Love and Hate
Wednesday April 22, 2009
Dear Dr. Miller,
Thank you for your thoughts on my letter of April 15. My main point in writing was to describe how it was eventually necessary for me to feel anger and hatred toward my parents before I could be cured of my depression, and how I intellectually avoided those feelings for years because I “knew” that “they loved me and did the best they could.” I did not clarify what I meant by using the word “love.” I’ll try to do that now.
When I was young I thought my parents were perfect. Later I realized that they were not perfect, but I believed that they were still the best possible – no one is perfect, after all. After my first short therapy and after reading Drama 20 years ago, I realized that my parents had been very flawed, but did I not get angry at them and still felt that they had “loved” me.
Now, after I have gone through my period of anger and hatred, I still believe that they “loved” me in the sense that they intended to love me and thought they loved me, but they did not love me in the sense that they often treated me in unloving, harmful and hateful ways. Some of the ways they treated me were truly loving, some were not.
When I was a child, I had goldfish in a bowl. I liked those fish a lot. One day, I decided that it would healthy for them to get some sunlight. So put the bowl out in my back yard on a sunny day — this killed the fish. I also had a puppy. Out of a delight in my power over that puppy, I would make him sit, roll over, lie down, grovel and beg for food. Sometimes my parents treated me with true love. Sometimes they treated me like that fish– a horribly mistaken act done with good intentions. Sometimes they treated me like that dog – their actions driven by an unconscious need for power, control, attention and revenge.
As I wrote earli er, my parents, especially my mother, had childhoods that were emotionally and physically brutal. As parents they made a conscious effort to raise me better than they had been raised. So they tried to love me while in fact treating me in ways that hurt me and should at the time have aroused anger and hatred. They were responsible for hurting me but were not intentionally harmful, the cause of many of my problems but not in a moral sense guilty.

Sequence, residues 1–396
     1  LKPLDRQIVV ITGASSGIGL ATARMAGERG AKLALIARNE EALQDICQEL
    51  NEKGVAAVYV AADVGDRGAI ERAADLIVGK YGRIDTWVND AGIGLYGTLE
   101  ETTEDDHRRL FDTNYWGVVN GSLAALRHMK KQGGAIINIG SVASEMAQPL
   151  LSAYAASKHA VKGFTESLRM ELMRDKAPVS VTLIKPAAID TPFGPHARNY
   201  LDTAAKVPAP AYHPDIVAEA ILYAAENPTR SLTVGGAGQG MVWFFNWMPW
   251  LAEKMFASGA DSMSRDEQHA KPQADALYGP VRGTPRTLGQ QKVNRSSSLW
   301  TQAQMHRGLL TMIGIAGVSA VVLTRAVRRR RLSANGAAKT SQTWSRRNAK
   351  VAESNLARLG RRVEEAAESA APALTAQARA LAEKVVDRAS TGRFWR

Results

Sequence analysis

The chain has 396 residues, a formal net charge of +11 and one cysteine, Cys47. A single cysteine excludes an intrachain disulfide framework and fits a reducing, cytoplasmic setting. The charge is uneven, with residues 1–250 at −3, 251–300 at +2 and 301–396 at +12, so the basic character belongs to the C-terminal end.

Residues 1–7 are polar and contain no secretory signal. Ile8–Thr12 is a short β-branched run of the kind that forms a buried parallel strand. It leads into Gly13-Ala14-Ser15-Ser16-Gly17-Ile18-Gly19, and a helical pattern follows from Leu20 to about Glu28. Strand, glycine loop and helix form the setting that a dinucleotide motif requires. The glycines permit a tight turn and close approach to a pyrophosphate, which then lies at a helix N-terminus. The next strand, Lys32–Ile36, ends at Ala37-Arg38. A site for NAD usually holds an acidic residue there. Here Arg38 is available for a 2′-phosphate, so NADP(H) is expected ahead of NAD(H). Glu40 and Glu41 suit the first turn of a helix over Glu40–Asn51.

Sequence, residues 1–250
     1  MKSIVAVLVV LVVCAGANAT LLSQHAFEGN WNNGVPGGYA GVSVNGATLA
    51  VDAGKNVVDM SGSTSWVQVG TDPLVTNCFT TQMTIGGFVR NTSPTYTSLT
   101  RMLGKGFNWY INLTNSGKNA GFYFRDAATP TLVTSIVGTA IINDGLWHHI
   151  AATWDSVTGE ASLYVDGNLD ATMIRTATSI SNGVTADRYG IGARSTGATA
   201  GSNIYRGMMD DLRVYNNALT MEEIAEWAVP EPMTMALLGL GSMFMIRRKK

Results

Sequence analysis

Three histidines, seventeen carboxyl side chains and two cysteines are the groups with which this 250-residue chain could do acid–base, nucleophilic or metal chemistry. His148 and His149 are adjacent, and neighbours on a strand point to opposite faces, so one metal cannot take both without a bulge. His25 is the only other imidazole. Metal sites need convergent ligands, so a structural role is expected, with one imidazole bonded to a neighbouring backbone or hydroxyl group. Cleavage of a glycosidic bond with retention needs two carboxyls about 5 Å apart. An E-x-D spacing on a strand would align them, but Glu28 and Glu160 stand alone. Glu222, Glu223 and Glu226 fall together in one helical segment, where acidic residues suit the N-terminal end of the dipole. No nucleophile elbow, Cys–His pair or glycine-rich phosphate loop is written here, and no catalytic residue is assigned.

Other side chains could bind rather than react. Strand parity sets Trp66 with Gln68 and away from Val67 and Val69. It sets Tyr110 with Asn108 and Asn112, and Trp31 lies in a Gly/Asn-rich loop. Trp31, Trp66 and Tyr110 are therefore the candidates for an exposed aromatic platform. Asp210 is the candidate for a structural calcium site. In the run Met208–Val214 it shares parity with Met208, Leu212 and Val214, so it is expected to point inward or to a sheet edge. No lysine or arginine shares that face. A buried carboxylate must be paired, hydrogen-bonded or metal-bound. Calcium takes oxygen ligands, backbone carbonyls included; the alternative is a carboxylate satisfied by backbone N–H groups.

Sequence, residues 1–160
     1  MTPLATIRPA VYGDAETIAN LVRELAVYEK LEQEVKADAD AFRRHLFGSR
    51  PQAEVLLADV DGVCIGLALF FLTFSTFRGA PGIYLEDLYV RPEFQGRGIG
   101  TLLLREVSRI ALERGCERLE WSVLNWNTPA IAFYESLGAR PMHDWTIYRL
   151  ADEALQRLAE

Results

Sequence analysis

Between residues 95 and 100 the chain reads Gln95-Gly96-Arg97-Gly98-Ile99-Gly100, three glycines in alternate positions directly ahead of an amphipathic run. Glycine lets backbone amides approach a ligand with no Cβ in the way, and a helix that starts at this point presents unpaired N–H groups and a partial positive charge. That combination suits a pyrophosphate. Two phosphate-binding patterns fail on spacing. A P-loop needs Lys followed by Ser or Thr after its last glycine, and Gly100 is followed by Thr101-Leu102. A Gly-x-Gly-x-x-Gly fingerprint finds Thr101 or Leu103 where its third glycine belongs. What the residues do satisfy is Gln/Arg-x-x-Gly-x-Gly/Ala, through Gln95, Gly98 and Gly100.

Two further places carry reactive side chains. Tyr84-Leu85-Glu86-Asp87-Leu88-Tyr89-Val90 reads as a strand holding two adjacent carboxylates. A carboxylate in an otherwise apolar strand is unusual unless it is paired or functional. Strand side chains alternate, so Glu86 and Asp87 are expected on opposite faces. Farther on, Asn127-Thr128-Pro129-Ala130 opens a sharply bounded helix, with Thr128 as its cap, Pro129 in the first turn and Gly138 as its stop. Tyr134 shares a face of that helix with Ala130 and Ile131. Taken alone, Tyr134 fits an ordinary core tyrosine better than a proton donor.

Fortunately, I have a therapist who did not ask me to understand and forgive. The goal of my therapy is not to reconcile with my parents or to free myself from negative feelings about them or anyone else, but to solve my own problems. For me, that meant mainly learning to feel all those “negative” feelings I had repressed for so long and deal with others based on the discovery of my true self. Now I see my parents in some ways as strangers, people I have lived with but who are very different from me and who in some ways I dislike. My “love” for them is not a feeling of warm, emotional delight. It is an understanding of them and compassion for them that is now safe for me to feel. Before therapy, my “understanding” and “compassion” caused me to blame myself and avoid my true and justifiable feelings toward them and how they had treated me. Now, I can approach them as an adult more secure in my own self, see them as distinct individuals and with a mixture of positive and negative feelings toward them.
AM: Love is a FEELING and it is not the same as LOVING, CARING, AND CONSCIOUS BEHAVIOR. A pedophile can tenderly caress and fondle a child and pretend that he loves him but stay careless about the future of this child who will be damaged by the abuse and the betrayal that will cause this damage. If he is ignorant and not aware of what he is doing he will maintain that he had the best intentions. You repeat in both of your letters that your parents had the best intensions and I don’t doubt that it was true but they were prisoners of their own childhoods and obviously could not avoid beating you and sell you this behavior as for your own good. You must have been very scared by their punishments, as you are still defending them. You even say you put your goldfish to the sun with the best intension too. But not every child has the need to do that if he was told that the fish can die in the warm water. Maybe you have unconsciously repeated the blind behavior of your parents, and nobody understood your attempt to showing your plight. To me, to love and hate the same person for the good and the bad sides is a psychoanalytic construction, it is a way of understanding healing that helps to cover up the truth about the cruelty endured in childhood. This philosophy hinders the survivor of abuse to recognize the cruelty and to react to it apropriately in therapy.